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- Date: Mon, 18 Apr 2011 10:29:35 +0200
- From: Wolfram.Wadepohl at ek-automation.com (Wolfram Wadepohl)
- Subject: bits/wordsize.h
I think we are talking about different things. I'm absolutely unfamiliar
with FreeType and it may be that Ralf is totally right relating to
FreeType. I don't know. That is not the thing I wanted to point out.
Generally RTMES lacks in support of many widely available and also used
features, if standard or not, to implement control systems, which are
tightly integrated into SCADA. Especially in networking I reached the point
to make a decision about the future: RTEMS or GNU/LINUX.
It is not the matter of a simple definition. We must frequently implement
3rd party code into the system, mostly developed for Windows or GNU/LINUX
In the automation world a system works for 10 or 15 years but not as a
static one, rather as a dynamic. So we have to keep track in control
software with the evolution and roll out releases to incorporate all the
new technologies if standard conform or not.
Just as an example: I learned that the networking stack is an very old BSD
relict and many RTEMS user would apreciate a current stack including IPv6.
But no one takes the effort to update to a current release. For a small to
medium sized enterprise, like us, this project is also too big.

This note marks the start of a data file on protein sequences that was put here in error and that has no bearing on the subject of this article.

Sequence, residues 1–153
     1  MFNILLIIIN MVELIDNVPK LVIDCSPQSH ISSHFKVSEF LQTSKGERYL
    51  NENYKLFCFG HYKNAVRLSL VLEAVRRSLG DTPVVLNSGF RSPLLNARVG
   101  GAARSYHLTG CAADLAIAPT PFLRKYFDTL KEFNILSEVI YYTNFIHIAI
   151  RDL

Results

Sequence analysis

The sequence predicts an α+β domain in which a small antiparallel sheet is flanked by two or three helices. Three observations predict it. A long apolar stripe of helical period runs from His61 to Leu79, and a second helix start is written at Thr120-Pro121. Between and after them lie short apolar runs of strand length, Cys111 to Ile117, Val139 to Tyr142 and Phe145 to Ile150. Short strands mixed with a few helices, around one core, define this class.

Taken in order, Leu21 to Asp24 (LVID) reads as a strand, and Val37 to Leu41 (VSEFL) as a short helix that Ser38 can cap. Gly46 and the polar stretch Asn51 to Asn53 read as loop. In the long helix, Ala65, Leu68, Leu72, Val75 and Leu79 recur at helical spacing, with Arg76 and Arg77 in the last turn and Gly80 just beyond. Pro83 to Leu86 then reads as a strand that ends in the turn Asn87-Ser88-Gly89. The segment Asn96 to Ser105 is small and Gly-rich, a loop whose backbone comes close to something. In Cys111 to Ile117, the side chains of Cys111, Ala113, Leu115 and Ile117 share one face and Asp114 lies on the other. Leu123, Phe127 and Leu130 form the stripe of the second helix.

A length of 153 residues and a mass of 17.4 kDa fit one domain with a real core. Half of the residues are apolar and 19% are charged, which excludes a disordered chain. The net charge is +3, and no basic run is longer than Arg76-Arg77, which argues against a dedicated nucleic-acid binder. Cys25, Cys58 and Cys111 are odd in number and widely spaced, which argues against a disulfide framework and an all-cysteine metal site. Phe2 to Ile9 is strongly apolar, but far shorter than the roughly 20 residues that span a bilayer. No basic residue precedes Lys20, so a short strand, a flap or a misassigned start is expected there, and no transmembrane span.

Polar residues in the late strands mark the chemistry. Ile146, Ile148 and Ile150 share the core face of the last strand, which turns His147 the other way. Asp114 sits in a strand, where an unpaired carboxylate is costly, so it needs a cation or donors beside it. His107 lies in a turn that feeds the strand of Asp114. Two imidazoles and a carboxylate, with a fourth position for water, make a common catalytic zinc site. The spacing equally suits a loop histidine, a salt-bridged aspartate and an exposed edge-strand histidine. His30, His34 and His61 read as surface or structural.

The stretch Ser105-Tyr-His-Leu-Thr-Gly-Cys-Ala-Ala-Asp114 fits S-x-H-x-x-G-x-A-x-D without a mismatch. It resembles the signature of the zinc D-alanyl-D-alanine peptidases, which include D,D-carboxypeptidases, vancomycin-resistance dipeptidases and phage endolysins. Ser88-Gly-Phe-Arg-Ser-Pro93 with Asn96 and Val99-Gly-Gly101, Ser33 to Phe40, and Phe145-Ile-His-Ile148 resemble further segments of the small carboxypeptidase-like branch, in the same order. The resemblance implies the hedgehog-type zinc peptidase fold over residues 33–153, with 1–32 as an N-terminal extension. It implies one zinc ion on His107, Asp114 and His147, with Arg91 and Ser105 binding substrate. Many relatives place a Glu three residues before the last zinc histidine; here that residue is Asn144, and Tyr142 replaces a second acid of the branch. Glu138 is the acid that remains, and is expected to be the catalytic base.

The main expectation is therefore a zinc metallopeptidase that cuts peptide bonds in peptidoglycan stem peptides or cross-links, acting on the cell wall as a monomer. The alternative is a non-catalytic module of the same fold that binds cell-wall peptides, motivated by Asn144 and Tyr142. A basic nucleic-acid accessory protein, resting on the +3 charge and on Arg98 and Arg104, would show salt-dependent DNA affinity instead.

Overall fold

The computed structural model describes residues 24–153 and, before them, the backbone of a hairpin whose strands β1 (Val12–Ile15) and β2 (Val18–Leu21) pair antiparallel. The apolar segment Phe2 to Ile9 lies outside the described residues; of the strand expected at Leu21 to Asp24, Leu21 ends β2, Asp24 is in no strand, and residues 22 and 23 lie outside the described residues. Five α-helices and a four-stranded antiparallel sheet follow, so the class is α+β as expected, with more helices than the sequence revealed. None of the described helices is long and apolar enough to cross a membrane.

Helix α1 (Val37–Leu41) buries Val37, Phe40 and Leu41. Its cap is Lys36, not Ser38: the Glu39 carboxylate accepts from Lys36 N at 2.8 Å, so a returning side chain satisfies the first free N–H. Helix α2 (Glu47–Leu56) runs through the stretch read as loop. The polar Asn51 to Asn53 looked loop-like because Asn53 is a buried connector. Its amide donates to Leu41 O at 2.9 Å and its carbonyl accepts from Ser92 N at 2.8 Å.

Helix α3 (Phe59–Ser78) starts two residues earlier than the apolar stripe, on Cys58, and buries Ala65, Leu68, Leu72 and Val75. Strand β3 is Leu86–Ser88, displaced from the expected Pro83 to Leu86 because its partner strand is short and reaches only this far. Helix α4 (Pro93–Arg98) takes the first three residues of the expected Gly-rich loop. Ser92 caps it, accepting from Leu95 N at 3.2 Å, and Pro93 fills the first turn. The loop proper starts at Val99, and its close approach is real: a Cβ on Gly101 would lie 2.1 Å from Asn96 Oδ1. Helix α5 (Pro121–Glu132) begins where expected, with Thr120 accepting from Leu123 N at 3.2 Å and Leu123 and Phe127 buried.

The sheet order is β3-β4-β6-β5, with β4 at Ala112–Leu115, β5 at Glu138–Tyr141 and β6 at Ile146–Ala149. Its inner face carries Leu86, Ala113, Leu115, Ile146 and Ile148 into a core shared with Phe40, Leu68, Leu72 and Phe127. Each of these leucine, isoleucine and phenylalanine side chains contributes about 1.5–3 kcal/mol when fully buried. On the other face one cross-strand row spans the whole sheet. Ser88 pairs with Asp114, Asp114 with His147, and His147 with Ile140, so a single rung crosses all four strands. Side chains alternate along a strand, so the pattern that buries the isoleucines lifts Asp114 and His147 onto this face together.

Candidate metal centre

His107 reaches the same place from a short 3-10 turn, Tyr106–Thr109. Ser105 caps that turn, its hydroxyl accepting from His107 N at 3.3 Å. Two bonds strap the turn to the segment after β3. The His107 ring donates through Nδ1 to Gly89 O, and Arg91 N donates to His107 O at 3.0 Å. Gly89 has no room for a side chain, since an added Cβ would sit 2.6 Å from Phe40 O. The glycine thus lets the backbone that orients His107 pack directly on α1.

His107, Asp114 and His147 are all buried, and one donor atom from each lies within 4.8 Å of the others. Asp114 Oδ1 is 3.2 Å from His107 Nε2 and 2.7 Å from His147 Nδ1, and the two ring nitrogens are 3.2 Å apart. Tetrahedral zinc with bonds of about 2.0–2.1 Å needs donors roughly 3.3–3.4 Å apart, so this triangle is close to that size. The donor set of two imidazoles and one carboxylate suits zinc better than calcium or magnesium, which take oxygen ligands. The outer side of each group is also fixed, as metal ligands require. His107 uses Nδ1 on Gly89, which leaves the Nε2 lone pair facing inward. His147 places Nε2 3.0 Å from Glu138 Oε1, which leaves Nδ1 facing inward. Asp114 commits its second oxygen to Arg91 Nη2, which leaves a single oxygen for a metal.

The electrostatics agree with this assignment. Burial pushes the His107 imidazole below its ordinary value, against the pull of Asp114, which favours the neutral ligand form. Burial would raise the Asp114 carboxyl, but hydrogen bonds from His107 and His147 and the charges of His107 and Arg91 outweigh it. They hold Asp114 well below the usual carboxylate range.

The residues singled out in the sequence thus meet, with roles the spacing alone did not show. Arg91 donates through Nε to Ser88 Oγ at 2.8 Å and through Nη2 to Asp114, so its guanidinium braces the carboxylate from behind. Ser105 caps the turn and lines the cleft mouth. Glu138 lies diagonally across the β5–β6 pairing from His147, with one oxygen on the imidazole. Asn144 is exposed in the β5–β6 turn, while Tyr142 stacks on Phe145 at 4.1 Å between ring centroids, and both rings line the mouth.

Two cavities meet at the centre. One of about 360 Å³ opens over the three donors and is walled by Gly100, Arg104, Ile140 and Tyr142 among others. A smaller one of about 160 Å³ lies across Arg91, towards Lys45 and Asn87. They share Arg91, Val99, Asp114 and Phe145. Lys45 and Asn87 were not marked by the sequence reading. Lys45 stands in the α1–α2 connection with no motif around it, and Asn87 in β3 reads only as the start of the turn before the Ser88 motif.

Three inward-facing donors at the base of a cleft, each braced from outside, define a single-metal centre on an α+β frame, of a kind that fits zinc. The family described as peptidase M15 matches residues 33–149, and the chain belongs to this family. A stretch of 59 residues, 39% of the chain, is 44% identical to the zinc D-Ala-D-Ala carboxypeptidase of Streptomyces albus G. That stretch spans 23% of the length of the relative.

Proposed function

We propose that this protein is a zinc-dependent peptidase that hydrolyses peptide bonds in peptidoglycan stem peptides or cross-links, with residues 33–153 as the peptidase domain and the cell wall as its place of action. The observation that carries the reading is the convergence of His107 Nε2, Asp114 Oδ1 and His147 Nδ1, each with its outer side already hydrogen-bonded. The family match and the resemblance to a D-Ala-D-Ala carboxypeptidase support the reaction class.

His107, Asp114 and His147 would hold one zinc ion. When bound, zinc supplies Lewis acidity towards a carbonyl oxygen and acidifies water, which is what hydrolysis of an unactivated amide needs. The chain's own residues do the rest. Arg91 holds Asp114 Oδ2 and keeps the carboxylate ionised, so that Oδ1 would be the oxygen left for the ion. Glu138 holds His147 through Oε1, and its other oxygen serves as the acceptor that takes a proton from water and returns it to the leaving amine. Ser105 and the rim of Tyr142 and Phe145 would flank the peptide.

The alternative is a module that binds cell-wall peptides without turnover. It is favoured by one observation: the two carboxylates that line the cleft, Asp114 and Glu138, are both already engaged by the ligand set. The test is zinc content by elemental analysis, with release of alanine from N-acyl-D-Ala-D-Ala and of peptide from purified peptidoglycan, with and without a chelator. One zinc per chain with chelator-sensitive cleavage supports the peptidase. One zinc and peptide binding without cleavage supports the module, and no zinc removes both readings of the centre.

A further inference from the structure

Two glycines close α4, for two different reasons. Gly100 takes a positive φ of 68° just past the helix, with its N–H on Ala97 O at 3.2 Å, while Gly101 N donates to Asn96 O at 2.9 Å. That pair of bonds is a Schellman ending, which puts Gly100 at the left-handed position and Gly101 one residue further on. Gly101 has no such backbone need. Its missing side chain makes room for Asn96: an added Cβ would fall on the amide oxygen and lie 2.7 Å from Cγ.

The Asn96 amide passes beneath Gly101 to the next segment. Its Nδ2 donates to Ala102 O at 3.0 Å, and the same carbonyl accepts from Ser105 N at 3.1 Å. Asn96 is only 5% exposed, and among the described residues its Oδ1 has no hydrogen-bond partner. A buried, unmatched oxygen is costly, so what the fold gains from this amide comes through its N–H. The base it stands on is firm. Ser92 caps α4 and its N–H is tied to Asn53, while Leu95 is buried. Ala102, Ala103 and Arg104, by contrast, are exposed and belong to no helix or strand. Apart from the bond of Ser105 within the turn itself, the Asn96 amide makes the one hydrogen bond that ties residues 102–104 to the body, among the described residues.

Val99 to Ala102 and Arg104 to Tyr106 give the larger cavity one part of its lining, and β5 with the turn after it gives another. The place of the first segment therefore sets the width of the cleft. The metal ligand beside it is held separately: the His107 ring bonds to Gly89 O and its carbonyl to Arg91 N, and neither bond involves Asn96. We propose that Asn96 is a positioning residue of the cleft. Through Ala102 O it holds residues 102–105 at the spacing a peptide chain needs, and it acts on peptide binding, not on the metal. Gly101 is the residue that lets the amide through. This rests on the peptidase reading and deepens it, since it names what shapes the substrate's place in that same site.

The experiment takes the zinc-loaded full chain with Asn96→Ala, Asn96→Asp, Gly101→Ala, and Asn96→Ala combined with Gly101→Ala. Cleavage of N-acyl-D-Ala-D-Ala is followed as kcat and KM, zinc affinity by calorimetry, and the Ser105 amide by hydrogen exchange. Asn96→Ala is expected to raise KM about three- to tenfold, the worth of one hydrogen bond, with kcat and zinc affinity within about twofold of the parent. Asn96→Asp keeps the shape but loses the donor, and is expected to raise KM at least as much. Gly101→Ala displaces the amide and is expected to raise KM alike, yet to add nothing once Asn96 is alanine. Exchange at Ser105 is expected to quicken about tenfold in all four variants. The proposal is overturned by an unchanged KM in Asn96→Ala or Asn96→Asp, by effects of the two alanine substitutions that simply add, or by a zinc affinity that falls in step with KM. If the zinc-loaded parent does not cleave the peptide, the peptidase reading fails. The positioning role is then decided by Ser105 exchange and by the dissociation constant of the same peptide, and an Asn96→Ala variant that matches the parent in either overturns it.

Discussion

What I want to point out is, that the community is currently not able to
carry out this work. When we are faced with IPv6 as a asolutely _must_
_have_? In months, years, decades?
Not the decision about bits/wordsize.h is in my mind. Shall we stay with
RTEMS or shall we move to GNU/LINUX. I'm convinced of RTEMS but it gets
harder and harder to convince others (managagement, sales, customers). And
I do not know how RTEMS evolve, neither direction nor timeline. And this
makes it difficult to get funds for development of RTEMS components.
Ralf Corsepius schrieb:
> On 04/18/2011 08:06 AM, Wolfram Wadepohl wrote:
>> this is the time to jump into the discussion and open a more 'political'
>> Yes, Ralf is right. In theory. On the other hand Sebastien is right,
>> because he wants to get a widely used part of software working on 'his'
>> (i. e. our) RTEMS.
>> The resulting question is IMHO essential for the future of RTEMS in
>> industrial projects: How much non standard but widely used 'junk' do we
>> adopt or allow? And how get we this done?
> Well you can expect us to rucksack RTEMS with hacks to work around bugs
> in arbitrary applications.
> Please check freetype's sources: As far as I can gather, what they are
> doing is to utilizes a non-documented, glibc private, internal define to
> derive some pointer sizes - This approach lacks generality and will
> inevitably fail somewhere.
> As others previously said, this situation is far from being unusal. It's
> a bug in an application, nothing more, nothing less and nothing to fret
> It's what system-integrators and packagers (esp. under Linux) deal with
> every day.
> C.f. favorite OS's FLOSS packages and you'll find that many of these
> packages require patches, whose only purpose is to adopt packages to
> their OS's specifics, because the upstream maintainers did not take
> something into account.
> That said: Providing upstreams with feedback about such issues (and
> possibly to send patches/fixes), is one of the foundations FLOSS is
> based on.
Wolfram Wadepohl, Forschung & Entwicklung
E&K AUTOMATION GMBH, Werk Reutlingen